Au hasard Balthazar

France, Sweden, 1966

Directed by Robert Bresson

With Anne Wiazemsky (Marie), Walter Green (Jacques), François Lafarge (Gérard), Philippe Asselin (Marie’s father), Nathalie Joyaut (Marie’s mother), Jean-Claude Guilbert (Arnold)

This Balthazar is not the famous Magus but a donkey. It first appears as a young animal, braying and suckling its mother. A couple of cheerful children, a boy and a girl, want to buy it even although the worried adult standing next to them claims it is impossible. The animal is then unsurprisingly led to the kids’ house, where it is baptized under the eyes of another child, a sick and quiet girl.

Kids’ stuff, it could be said. But once fully grown up the donkey would suffer so much and witness so many sorrows that it would look like a martyr and even more. Near the ending a woman declares it a saint and the next scene does show the beast carrying the statue of a saint. It later dies quietly amid a herd of sheep and lambs – a traditional symbol of the Christ.

A warm relation fate would crush: Anne Wiazemsky

Balthazar shares the stage with a small group of humans who live, or try to live, in an unspecified French rural district. At the crossroads of these plots stands Marie, the young girl introduced at the beginning and who has since grown up. She is the daughter of a schoolteacher turned farmer who cultivates the fields that a wealthier man, a former neighbor of his, lets to him. He is the one children compelled to buy the donkey and he has now lost the quiet and sick girl he had; but he has successfully brought up the boy who was Marie’s best friend, Jacques. Jacques comes back to the place of his childhood to reconcile his father and his landlord who are embroiled in a quarrel over the management of the property, a quarrel fueled by other farmers who are clearly jealous of the financial success of the former schoolteacher. Meanwhile, Gérard, leader of the village’s louts and a smug guy who enjoys harassing, tricking, and stealing people, tries to seduce Marie, who eventually falls for him. And around the village lurks Arnold, a tramp surviving on contraband and wine.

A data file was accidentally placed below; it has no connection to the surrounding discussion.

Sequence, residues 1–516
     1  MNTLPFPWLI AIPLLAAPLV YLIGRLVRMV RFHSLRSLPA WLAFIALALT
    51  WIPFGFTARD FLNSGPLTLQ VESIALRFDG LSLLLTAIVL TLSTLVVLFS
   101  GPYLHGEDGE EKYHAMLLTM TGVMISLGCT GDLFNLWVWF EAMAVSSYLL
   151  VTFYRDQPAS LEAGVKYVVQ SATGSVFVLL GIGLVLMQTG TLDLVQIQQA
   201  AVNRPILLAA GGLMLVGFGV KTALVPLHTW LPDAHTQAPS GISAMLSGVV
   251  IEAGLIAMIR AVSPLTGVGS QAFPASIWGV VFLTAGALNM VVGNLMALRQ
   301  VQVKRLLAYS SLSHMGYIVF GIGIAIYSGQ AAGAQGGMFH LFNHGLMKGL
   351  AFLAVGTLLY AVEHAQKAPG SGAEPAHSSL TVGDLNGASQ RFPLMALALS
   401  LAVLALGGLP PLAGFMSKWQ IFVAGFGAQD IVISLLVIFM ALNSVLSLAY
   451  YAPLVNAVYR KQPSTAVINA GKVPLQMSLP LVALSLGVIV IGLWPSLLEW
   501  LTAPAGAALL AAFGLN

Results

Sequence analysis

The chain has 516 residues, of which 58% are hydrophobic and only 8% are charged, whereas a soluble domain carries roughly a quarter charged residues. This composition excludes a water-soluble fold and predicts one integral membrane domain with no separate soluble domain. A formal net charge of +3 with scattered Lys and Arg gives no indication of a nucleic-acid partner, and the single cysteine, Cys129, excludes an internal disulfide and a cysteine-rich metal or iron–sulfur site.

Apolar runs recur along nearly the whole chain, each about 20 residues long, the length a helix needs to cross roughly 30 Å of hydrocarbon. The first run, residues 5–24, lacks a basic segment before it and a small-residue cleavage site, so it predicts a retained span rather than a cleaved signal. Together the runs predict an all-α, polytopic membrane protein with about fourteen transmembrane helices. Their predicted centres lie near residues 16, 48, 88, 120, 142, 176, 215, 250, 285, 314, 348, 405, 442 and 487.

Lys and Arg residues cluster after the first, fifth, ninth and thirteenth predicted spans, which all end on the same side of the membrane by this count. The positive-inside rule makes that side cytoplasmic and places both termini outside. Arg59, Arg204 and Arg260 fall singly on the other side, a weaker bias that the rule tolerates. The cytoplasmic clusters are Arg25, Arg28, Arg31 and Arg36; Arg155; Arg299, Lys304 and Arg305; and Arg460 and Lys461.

Balthazar shifts from one of these persons to another but sometimes ends up elsewhere, in a circus or in the farm of a skinflint selling bottled water. It is exploited as much as any beast of burden, until he gets shot during a doomed smuggling operation. It can sometimes put up some resistance, in its own animal way but it also gets older and frailer – it once barely skipped death as cold made it so sick that a man was called to slaughter it; but Arnold managed to save it. The camera often scrutinizes its head as Balthazar listens and watches the human activities, especially when they display their natural born nastiness (firecrackers thrown on the sidewalks or bullets fired randomly). A recurring image is the close-up on one of its eyes, a troubling aperture looking right into another; at one point this eye raises discomforting questions as the animal is walked through the circus and observes other, exotic, animals peering at it from their iron cages – what can it make of them and of the barrier between them and the world?